What do I have against mixed breed dogs?  Solely personal preference.  I don't care much for little dogs, fluffy dogs, scruffy dogs, smushed face dogs, dogs lacking high intelligence, or boring, couch potato dogs.  I'm glad other people do and that dogs with those attributes are able to find loving, permanent homes.  They deserve to be loved and well cared for, but it's just not going to be my home.  Sorry.

Why German shorthaired pointers?  The simplest explanation I have other than "I LOVE THEM SO MUCH" is that they possess absolutely every quality I could ever want in a dog.  They are extremely intelligent, adventurous, enthusiastic, friendly, outgoing, and very Type A.  Everything they do, they do with a bold intensity and combine that with an affectionate, sweet, cuddly nature.  Yes, they are lap dogs!  They are regal and beautiful dogs, but are also goofy and totally hilarious.  GSPs are without question high maintenance with regards to physical athleticism and mental acuity.  They are a lot of work, but if you love the breed this is a worthwhile, fun interaction with a dog who is expertly tuned into you.  GSPs are not for everyone and while most people have certain expectations from their dogs they are a breed that has high expectations of their owners as well.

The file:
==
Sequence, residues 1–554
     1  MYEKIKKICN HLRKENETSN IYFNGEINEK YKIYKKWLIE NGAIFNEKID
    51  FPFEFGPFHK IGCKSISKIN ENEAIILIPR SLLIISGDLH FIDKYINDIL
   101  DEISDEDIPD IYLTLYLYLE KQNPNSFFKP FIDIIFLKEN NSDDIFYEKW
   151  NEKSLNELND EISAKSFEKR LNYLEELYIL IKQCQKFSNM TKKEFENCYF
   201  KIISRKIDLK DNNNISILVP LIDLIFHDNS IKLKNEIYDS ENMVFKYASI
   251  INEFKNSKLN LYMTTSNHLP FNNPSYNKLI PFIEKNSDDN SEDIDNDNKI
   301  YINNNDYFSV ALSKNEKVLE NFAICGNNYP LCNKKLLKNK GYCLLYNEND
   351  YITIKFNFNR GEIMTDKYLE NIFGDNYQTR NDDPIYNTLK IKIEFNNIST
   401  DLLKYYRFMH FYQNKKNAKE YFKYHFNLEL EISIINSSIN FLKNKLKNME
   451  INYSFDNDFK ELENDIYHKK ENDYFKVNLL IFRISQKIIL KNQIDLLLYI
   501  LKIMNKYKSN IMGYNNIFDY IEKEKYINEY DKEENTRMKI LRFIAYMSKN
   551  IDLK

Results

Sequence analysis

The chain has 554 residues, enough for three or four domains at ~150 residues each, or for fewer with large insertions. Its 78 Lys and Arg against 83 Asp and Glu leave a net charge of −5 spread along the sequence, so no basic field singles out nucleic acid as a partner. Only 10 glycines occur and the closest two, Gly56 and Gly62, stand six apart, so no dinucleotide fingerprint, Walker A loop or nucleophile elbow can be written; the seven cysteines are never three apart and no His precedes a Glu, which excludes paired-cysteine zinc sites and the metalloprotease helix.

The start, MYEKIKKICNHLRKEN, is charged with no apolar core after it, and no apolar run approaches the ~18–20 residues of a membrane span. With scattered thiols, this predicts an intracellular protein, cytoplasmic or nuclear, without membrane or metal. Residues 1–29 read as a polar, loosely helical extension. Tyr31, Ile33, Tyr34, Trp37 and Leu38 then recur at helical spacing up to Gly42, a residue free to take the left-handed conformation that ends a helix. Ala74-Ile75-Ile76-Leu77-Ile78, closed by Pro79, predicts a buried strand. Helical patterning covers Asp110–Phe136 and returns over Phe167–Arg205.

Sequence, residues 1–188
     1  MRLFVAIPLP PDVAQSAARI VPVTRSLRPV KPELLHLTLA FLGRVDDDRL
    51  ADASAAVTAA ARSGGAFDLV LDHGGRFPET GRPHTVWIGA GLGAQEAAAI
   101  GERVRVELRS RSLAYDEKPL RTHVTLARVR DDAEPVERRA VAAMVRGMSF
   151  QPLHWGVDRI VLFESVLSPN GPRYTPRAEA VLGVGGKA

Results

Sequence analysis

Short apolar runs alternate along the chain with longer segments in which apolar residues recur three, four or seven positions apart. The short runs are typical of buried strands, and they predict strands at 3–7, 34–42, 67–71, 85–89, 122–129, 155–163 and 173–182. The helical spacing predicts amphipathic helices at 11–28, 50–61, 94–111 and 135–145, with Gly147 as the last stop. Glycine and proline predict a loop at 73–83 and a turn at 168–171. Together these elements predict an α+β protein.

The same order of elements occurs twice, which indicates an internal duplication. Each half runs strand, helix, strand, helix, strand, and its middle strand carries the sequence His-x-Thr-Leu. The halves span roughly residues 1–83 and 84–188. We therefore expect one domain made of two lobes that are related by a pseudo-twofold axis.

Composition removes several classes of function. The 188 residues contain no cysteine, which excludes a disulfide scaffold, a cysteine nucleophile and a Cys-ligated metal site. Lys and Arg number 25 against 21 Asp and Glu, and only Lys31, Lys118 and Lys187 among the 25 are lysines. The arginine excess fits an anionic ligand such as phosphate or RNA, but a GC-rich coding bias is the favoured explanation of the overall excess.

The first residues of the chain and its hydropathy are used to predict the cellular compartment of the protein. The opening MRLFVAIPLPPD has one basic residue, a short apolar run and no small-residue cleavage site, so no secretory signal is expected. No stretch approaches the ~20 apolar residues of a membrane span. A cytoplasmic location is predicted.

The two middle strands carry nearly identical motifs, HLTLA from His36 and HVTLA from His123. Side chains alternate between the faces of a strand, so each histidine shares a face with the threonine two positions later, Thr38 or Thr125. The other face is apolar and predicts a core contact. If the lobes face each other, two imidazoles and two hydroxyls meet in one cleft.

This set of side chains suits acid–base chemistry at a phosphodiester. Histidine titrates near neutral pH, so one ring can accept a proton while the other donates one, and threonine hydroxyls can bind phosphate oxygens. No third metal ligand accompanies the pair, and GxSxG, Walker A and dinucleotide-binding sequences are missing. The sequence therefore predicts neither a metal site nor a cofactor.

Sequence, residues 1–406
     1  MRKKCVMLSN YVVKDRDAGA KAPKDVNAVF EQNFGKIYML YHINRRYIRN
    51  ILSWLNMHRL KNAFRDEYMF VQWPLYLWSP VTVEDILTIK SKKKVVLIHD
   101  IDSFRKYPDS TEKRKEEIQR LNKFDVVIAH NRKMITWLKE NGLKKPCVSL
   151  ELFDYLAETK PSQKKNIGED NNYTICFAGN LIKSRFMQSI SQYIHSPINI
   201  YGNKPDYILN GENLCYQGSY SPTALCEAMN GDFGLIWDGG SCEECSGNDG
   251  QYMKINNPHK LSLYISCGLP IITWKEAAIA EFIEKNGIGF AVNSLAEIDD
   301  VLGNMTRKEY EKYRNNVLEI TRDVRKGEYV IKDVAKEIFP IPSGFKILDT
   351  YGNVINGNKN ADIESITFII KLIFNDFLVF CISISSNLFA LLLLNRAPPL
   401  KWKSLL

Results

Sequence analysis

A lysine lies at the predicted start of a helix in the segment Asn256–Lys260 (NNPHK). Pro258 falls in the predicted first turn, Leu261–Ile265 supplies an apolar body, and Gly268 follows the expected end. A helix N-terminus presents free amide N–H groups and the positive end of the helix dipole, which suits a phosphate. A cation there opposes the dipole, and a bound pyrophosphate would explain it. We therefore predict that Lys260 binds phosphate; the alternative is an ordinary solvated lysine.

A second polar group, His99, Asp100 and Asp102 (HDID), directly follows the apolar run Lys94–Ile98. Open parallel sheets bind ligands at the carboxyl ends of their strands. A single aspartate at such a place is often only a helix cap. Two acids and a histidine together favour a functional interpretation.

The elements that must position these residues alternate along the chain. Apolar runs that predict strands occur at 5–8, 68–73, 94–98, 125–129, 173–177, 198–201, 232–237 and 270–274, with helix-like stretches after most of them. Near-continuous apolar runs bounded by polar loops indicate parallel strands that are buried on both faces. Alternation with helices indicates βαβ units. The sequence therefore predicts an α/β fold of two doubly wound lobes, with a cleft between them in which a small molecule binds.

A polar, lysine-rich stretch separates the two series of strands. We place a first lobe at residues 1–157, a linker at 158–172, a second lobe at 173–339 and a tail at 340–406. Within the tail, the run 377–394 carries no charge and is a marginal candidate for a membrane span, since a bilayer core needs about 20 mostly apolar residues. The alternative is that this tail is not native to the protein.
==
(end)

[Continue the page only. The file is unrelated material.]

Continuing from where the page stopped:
You may be thinking, "well, okay... but you own an English pointer and clearly love him!"  Yes, I adore Foxtrot.  He's one interesting dog start to finish.  But he's although he is the second Elhew I've has the pleasure of owning, he is also my last English pointer, Elhew or otherwise.  (I can already hear a friend of mine bursting into tears of denial...)  Why?  To me they are a sunnier, happier, and less intense cousin of the GSP.

What's so bad about that?  Nothing.  Okay... not "nothing."  This brings us to point #4.  Two words:  full tails.  I could easily write a lengthy post on this topic alone.  Suffice it to say that once you get whacked with one fifty times a day they tend lose their charm.  I still consider them to be one of the best and most amazing breeds out there, but they just aren't the perfect fit for me.